Posts tagged ‘aximum marketing’
How well do you know your competition? I’m not talking about whether you have a laundry list of your competitors, but rather if you have real insight into who they are and what they do well. I’ll bet your answer is, “I have a pretty good idea, but I’d like to know more.” Good answer.
There are a million different ways to conduct a competitive analysis, but instead of focusing on the nitty-gritty details I’d like to give you some advice from the 35,000 foot level…
- SWOT your competitors – no, I’m not advocating violence. SWOT is an acronym for Strengths, Weaknesses, Opportunities, and Threats. Analyze them, and yourself. You’ll gain remarkable insight into how you match up. You may find that you aren’t focused in the right areas, or there’s an oversaturation in a market or, if you’re lucky, that there’s an untapped area of the market just waiting to be cultivated.
- Focus on your strengths and differentiators – once you have an understanding of what you and your competitors do, you can more accurately refine your strategy to maximize your strengths while exploiting the other guy’s weaknesses.
- Good understanding = short cycles – a solid competitive understanding is essential for moving quickly and staying ahead. When it comes to business, you’re either ahead or you’re behind. In the immortal words of Ricky Bobby, “if you ain’t first, you’re last.”
You get the idea. A SWOT analysis is one of the big secrets to unlocking your company’s true potential. Like most marketing activities, they aren’t easy, but they are definitely worthwhile. If you need help, contact me and we can come up with a solid strategy.
Ok, I’m usually a pretty friendly, easy-going guy. But I gotta tell you… there’s a trend in some walks of life that really irks the hell out of me. Let me explain the nature of my consternation with a specific example…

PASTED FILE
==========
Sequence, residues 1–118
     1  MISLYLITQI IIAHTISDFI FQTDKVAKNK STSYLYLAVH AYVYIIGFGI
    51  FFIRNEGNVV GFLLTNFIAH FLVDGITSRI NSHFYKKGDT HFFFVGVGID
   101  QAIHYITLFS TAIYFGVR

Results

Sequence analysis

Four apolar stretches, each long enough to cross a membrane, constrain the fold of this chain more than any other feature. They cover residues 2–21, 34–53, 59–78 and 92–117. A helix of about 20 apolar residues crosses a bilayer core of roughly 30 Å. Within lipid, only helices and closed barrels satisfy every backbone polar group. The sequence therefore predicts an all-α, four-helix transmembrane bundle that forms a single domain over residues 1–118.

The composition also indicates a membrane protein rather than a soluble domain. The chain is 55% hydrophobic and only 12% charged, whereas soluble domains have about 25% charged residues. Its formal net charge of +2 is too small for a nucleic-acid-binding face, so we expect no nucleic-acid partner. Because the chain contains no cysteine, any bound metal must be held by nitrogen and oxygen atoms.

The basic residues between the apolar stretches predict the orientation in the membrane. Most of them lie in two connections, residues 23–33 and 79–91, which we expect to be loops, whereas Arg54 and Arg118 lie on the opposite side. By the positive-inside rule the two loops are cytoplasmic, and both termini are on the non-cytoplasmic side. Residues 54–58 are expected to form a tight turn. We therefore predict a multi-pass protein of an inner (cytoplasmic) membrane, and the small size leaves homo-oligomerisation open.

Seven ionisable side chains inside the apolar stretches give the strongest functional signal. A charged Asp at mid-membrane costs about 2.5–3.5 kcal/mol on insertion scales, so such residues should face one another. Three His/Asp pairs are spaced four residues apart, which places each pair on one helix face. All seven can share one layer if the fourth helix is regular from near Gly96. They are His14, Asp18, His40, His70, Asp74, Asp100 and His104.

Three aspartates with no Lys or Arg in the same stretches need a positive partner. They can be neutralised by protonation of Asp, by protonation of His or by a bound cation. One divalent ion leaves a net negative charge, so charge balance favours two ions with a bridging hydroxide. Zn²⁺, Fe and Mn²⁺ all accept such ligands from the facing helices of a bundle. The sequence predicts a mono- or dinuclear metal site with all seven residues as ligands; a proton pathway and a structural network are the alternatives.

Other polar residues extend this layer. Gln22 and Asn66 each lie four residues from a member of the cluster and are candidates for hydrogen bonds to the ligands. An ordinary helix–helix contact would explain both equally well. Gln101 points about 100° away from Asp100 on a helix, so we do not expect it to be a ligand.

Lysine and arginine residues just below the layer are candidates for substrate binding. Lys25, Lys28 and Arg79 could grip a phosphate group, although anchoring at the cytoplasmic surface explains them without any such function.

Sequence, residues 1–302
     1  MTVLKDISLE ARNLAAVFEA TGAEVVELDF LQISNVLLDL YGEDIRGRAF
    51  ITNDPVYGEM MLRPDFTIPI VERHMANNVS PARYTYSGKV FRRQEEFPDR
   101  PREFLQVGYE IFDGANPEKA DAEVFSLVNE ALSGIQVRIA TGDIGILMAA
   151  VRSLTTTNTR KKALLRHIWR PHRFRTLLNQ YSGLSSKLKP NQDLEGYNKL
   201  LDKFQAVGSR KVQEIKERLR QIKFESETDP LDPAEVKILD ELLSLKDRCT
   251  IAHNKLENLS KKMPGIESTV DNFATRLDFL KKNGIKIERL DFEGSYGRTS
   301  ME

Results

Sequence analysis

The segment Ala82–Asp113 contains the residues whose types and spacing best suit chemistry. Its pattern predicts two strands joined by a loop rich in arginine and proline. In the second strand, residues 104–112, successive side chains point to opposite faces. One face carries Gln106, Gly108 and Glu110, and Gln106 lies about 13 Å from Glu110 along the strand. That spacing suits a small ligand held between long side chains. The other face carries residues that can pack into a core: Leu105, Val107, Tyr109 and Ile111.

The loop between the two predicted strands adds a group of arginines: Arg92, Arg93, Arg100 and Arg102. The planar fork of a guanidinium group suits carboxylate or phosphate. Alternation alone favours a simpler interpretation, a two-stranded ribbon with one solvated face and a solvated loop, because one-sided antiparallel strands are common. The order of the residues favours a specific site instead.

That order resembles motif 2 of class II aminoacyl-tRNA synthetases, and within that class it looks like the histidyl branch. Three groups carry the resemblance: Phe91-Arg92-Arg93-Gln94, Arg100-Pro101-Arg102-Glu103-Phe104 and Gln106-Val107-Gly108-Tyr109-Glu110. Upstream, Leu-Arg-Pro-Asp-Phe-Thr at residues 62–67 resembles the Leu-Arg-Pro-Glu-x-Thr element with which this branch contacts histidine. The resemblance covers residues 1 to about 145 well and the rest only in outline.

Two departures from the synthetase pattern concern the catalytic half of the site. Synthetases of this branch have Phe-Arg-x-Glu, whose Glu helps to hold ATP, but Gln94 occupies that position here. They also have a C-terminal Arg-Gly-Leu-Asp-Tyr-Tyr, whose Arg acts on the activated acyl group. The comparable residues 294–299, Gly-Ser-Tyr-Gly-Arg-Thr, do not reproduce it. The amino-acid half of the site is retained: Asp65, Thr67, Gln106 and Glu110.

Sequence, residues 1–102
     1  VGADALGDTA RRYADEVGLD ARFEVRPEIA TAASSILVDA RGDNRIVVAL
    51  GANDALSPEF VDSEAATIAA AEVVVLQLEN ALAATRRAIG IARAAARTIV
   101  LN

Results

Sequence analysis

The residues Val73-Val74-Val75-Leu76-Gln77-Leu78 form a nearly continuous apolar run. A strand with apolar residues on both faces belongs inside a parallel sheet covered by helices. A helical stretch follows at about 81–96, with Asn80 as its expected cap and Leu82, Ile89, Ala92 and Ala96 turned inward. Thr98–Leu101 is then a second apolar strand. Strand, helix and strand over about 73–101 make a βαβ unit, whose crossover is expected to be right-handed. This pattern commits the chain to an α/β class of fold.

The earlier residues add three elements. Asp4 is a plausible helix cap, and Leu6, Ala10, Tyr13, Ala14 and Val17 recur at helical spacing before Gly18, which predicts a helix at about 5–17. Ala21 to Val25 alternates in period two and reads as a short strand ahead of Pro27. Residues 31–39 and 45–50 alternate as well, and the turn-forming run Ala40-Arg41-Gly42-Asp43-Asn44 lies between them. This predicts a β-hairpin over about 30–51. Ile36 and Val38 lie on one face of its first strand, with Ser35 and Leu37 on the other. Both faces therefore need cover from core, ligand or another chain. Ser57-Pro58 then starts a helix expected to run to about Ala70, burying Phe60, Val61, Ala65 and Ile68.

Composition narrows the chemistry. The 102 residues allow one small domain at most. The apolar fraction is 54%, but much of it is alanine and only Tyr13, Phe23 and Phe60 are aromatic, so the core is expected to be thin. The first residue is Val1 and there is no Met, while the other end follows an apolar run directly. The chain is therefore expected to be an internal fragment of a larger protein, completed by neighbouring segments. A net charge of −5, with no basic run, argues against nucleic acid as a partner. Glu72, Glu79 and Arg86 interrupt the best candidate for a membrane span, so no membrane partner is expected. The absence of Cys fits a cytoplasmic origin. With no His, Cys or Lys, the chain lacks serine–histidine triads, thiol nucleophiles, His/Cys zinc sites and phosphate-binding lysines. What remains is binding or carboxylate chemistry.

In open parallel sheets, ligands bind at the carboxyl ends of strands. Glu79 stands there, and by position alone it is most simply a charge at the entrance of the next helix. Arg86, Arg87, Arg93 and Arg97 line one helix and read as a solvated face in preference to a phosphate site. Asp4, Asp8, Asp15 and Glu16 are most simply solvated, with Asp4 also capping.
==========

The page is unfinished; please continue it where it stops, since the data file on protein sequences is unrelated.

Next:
My wife and I are in good shape, and like to exercise regularly. We’ve been members of various gyms over the years, but invariably return to our home gym after a while because of an incredibly annoying, insidious sales technique that most health clubs practice: the open house, followed by the trial membership. This usually takes place once a month, which means that for one week per month there are five times as many people in the gyms, and it’s virtually impossible to find an open exercise machine. What’s worse is that these trial members don’t know how to use the machines, so they take twice as long as they should. And to top it all off, they have no intention of joining the gym, but since it’s free they’ll cheerfully take advantage of the situation.
Bottom line: potential customers are provided the same privileges and accommodations as paying customers, but haven’t had to devote one dime. Conversely, current customers that are paying dues and keeping the doors open are not able to enjoy the services for which they have paid. I call this “screw you” marketing, for the obvious reason.
This is a very dangerous and inefficient practice for several reasons:
- You piss off your current customer base. Their experience is tarnished and they will most likely abandon the service sooner than they should. In the words of the marketer, this reduces the Lifetime Customer Value significantly. (Here’s one of Aximum’s success stories that focuses on Lifetime Customer Value.)
- You focus your energies in the wrong places. I imagine the conversion rate for open houses/trial memberships is very low, so it may behoove the gyms to concentrate on activities that collect customers with greater revenue potential and ROI. When you offer something free, you’ll get tons of action, but very little conversion. This is one of those undeniable truths of marketing.
- You don’t take advantage of repeat/renewed customers. These gyms spend a lot of time, energy, and money on developing the open houses. Curiously, not one ounce of thought or energy has been spent trying to get me to agree to a longer contract, sign up for other services, or anything else that would bring it additional revenue. This glaring deficiency in their marketing communication program shines out like a beacon in the night. If a company has proven, revenue-producing, long-term customers, it’s usually 3-5 times easier to gain additional revenue from them than it is to bleed it from the trick-or-treaters that sign up for the free stuff (sorry… I sounded a little bitter there).
When you’re seeking new customers, remember not to sacrifice your current customer base. If you abandon them, don’t be surprised if they abandon you.